Benjamin Lazar Davis: Benjamin Lazar Davis

This is one of those perfect indie albums that you can listen to over and over and is a taste of summery sun in the depths of winter; indie in the modern sense of accomplished synth-based pop as a side-project, slick and well played, not the old indie of a DIY band bashing out a ramshackle but charming set.
Davis is a seriously good musician: he studied music at a conservatory and plays with veteran US rockers Okkervil River.

This album is sophisticated and gentle, in the same vein as bands like MGMT and their ilk (especially Passion Pit) a few years ago, melodic, subtle and a slight feel that being stoned might have formed part of the recording process.

Snow Angels opens with falsetto vocals, the notes picked out on a synth with string-like flourishes. It’s not a typical song with intro verse and chorus, its dreamy opening sequence linking to a more kick-drum driven section and it’s not until song two, Nebraska Valentine, that you get an actual beat. This aversion to a beat runs throughout the album, and not to its detriment. Nebraska Valentine is a song with a soaring sound; there’s a definite Russian feel to it and we wonder if he’s nicked a melody from a Russian composer. The piano melody could be straight from some modern moody Netflix drama.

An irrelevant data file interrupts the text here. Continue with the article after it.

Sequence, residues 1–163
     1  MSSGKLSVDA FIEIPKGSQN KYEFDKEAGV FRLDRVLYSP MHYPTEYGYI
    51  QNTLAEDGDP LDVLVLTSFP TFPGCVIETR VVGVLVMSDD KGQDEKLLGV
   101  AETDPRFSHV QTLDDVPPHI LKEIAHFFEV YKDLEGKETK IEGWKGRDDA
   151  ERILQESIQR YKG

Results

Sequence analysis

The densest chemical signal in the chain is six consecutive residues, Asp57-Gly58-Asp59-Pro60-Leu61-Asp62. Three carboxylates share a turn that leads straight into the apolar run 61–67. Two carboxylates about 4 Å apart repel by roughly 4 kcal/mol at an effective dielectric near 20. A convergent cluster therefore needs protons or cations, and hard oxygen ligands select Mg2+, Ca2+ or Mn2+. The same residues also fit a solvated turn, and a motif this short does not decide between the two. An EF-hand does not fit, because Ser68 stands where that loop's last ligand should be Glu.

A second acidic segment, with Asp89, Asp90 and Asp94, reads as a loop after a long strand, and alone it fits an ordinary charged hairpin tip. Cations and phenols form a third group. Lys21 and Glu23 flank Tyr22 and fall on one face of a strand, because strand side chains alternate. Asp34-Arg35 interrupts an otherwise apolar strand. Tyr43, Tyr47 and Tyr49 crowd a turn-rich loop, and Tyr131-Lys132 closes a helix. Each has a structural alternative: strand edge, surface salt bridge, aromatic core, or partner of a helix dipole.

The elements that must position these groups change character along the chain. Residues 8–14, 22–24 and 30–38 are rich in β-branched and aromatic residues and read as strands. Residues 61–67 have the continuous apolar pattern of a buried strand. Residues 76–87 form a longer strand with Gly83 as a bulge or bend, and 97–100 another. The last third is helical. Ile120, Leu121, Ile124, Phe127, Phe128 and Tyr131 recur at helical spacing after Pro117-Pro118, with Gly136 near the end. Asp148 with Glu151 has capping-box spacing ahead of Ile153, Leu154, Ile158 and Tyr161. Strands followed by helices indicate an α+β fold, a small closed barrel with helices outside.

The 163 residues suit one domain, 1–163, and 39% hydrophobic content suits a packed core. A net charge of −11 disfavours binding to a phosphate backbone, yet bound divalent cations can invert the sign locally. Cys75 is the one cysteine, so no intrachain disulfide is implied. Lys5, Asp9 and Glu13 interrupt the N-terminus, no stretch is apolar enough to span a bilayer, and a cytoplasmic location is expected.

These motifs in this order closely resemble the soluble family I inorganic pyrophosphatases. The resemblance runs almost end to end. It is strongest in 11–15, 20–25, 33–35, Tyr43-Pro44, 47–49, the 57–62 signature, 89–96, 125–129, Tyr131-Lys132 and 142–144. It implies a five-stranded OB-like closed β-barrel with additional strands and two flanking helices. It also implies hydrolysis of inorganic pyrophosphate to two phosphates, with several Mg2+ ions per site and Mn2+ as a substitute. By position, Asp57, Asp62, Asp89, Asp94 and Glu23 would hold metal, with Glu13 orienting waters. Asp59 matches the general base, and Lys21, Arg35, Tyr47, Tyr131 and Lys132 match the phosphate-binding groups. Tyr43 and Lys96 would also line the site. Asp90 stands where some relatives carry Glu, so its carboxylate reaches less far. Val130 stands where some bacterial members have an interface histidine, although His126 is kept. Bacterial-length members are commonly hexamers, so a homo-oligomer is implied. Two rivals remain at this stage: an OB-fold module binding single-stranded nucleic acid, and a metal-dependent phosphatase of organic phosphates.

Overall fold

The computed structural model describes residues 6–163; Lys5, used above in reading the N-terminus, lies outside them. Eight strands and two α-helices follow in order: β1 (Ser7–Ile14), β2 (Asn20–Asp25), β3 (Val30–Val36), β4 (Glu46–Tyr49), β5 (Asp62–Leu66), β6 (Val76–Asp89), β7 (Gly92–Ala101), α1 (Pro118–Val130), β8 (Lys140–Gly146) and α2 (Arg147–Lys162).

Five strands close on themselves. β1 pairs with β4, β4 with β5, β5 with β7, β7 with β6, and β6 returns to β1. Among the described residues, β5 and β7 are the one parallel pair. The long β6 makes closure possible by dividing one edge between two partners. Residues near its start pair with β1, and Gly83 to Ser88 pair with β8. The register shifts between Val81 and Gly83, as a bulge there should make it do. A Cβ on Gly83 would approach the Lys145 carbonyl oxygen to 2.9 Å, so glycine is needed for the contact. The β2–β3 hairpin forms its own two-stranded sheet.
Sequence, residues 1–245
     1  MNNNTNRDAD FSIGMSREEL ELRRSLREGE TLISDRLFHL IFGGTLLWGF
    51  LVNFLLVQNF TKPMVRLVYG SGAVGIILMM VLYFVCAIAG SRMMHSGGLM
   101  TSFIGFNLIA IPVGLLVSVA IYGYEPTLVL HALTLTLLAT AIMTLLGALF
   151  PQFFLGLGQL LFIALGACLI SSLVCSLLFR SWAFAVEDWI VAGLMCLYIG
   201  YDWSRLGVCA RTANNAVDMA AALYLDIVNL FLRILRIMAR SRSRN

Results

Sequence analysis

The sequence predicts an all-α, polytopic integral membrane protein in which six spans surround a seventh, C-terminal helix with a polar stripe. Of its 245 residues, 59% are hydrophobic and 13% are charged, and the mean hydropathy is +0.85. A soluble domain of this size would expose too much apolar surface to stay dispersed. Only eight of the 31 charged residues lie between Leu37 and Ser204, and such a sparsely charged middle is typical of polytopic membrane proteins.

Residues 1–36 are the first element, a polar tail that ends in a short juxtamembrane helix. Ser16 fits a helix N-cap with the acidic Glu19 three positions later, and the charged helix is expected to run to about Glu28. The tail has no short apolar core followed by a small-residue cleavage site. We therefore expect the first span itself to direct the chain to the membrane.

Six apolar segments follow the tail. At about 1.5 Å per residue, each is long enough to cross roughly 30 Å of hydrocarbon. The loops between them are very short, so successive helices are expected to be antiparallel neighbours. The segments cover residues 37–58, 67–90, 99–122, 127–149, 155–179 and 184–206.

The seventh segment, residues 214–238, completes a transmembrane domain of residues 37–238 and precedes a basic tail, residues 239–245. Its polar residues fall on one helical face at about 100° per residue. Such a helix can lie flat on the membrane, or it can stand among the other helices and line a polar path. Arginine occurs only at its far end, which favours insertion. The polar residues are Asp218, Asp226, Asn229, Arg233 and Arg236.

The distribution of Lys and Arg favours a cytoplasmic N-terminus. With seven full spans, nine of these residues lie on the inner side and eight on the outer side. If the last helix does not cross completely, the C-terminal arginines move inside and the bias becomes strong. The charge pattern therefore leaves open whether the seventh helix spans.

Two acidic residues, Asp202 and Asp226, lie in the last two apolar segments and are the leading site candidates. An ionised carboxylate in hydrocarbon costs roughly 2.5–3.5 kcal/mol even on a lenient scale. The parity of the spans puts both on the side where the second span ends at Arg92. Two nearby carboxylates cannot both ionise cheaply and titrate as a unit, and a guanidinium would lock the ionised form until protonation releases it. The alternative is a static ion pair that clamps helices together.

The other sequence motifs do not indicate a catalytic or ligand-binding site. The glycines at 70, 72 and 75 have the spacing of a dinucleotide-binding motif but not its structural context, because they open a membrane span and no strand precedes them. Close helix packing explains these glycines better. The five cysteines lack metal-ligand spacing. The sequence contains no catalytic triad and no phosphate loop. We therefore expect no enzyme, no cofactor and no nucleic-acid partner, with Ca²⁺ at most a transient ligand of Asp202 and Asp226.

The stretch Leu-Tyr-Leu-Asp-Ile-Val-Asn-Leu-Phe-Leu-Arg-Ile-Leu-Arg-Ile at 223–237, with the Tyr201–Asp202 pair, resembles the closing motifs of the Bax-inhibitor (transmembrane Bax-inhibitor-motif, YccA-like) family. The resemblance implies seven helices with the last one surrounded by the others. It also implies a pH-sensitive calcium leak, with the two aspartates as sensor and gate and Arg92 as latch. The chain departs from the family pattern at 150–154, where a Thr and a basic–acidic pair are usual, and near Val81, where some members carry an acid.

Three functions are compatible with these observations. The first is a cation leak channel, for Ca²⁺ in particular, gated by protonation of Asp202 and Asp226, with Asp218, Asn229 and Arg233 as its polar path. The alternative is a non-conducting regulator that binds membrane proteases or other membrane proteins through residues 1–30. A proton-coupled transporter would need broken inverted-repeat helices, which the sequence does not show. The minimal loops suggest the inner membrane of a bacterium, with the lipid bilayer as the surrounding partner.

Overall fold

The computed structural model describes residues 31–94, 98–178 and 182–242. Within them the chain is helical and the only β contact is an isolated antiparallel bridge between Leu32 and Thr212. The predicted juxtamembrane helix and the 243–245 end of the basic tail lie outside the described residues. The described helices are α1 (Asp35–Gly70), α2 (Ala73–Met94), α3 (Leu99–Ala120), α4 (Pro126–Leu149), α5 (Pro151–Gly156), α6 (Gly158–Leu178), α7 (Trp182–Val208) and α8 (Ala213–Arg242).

At the heart of the record is I Bet You’re F—-g: we say at heart not only because we have to make sure the smaller reviewers are not within earshot and to play or skip, but also because it’s a surprisingly subtle song for such a title, Davis’ use of that last word as both a verb and adverb, the verb use being the one that would upset an ex-partner most, but the use of it as an intensifier is effective at expressing jealousy; yeah she’s doing that but she’s also having a really good time doing lots of other cool stuff and really happy. Most of the melody comes from his voice.

Medicine is another strong song, reminding us of Passion Pit (whose breakthrough Chunk of Change EP was allegedly written as a belated Valentine’s Day gift) while If You Want It opens with plucked strings that evoke the Isley Bros Summer Breeze. Eleanor, which follows, has the air of a folk tune, Davis singing falsetto over gentle acoustic guitar. Later on is Daffadowndilly, which sounds like it should be a folk tune but is one of the few songs with an actual snare drum.

Closer In Between Lives is a more stereotypical mainstream song (another gifted musician, Gotye, sprung to mind).

An excellent and fun album.

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